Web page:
Today show

Gold Medalist Shaun White Misses Mountainous Opportunity

Shaun White soared in the Olympic snowboard halfpipe event, winning his third Gold Medal and solidifying his legacy as one of America’s greatest Olympians. His handling of a sexual misconduct allegation was less soaring.

Shaun White soared in the Olympic snowboard halfpipe event, winning his third Gold Medal and solidifying his legacy as one of America’s greatest Olympians. His handling of a sexual misconduct allegation was less soaring.

Shaun White thrilled his countrymen, including me, with a sparkling final run to win his third Olympic gold medal in the men’s snowboard halfpipe. Unfortunately, he also disappointed many of his countrymen by failing to own responsibility for his sexual misconduct as alleged in 2016 by a female member of his band.

Few American athletes, and certainly even fewer winter Olympians, have scaled as high of a mountain of success and acclaim as White. He is credited with putting skateboarding on the athletic map and turning his particular event into a breathtaking spectacle of big air and jaw-dropping spins.

In the gleaming light of his success on the halfpipe, White shone less brightly in his post-event interview at which he dismissed the sexual misconduct allegations as “gossip.”

Still basking in the limelight, White had a mulligan to get it right the next morning when he was interviewed on NBC’s Today show by Savannah Guthrie. He didn’t get out of the rough. Guthrie gave him a wide lane by asking if he had anything further to say about the allegation. White expressed regret for his “gossip” comment, in what appeared to be a scripted moment. Guthrie pressed him ever so gently to say something about the sexual misconduct allegation itself. All White could muster was that he has changed. No mention of the woman he allegedly harassed.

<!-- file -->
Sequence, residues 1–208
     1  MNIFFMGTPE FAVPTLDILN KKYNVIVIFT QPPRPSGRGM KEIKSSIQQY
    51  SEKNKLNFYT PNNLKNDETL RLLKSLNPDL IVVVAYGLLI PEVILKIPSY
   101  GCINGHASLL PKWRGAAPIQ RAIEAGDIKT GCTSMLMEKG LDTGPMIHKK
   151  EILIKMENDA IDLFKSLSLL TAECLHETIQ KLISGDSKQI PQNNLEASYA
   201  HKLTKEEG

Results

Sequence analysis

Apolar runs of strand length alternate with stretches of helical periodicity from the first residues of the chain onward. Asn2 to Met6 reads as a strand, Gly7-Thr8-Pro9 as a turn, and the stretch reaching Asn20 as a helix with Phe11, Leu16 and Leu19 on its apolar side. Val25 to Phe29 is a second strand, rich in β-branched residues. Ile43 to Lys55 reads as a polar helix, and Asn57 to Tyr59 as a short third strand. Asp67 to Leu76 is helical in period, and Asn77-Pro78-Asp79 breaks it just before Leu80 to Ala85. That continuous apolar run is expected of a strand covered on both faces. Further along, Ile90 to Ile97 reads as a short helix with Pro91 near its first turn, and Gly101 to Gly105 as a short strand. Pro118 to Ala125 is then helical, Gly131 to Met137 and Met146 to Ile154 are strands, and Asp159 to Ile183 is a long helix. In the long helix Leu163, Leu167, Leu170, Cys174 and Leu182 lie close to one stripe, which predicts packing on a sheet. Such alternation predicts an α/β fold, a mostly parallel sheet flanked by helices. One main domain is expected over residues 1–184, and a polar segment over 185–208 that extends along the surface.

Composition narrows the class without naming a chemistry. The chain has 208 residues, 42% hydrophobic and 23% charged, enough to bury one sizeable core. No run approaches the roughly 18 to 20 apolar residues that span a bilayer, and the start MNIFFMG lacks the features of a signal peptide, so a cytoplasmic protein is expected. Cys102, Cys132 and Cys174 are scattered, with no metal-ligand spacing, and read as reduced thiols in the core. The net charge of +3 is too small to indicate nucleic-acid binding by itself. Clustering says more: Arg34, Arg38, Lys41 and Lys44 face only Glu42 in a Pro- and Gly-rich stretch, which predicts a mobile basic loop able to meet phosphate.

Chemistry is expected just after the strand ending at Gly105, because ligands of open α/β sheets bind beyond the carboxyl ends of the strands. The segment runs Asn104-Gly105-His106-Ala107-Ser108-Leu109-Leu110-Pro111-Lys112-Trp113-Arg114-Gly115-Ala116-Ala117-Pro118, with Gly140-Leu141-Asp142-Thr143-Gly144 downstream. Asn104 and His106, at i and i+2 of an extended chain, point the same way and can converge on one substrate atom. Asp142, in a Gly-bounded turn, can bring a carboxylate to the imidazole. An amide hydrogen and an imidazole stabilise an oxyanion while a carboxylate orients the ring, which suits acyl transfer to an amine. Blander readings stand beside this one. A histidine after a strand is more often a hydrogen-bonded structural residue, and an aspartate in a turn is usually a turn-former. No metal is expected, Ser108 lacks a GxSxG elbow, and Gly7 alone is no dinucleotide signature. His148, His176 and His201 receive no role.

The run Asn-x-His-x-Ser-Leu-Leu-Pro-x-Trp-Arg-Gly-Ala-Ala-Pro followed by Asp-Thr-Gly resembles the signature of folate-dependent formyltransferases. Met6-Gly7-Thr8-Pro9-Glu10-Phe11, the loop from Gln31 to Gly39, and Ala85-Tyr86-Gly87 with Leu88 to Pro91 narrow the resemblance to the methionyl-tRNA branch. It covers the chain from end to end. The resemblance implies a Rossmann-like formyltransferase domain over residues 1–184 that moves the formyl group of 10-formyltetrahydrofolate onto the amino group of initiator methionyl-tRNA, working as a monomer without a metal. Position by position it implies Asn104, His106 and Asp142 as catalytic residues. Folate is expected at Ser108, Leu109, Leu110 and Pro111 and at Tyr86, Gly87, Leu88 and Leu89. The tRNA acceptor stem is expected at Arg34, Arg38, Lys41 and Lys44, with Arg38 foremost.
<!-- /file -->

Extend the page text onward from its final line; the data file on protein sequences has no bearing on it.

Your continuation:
White undoubtedly had been prepped by his legal counsel. He should have sought advice from a reputation counselor. White will never have a grander moment to apologize. That would have made him not only king of the hill, but also a man willing to admit his fault, even as he is celebrated for his greatness.

You could call it a mountainous missed opportunity.

Unquestionably White’s legacy as an Olympic great will remain. But his reputation as a man could have soared along with that legacy if he bucked the trend of other accused men and owned his misconduct. If White had, the issue would have faded into the shadows instead of continuing to dog him as he contemplates participating in newly authorized 2020 Summer Olympic skateboarding and possibly yet another winter Olympic try in 2022. He apparently failed to call upon any female reporters at his post-victory press conference, which will be hard to sustain going forward.

Preserving a reputation has an Olympic quality of requiring discipline and courage. If it was easy, no one would have a bad reputation, unless like Charlie Sheen you cultivated one. White passed the test of athletic discipline and courage with literally flying colors. Too bad, he crash-landed on a test of his maturity and manhood. White is great. He could have been even greater.

Gary Conkling Image.jpg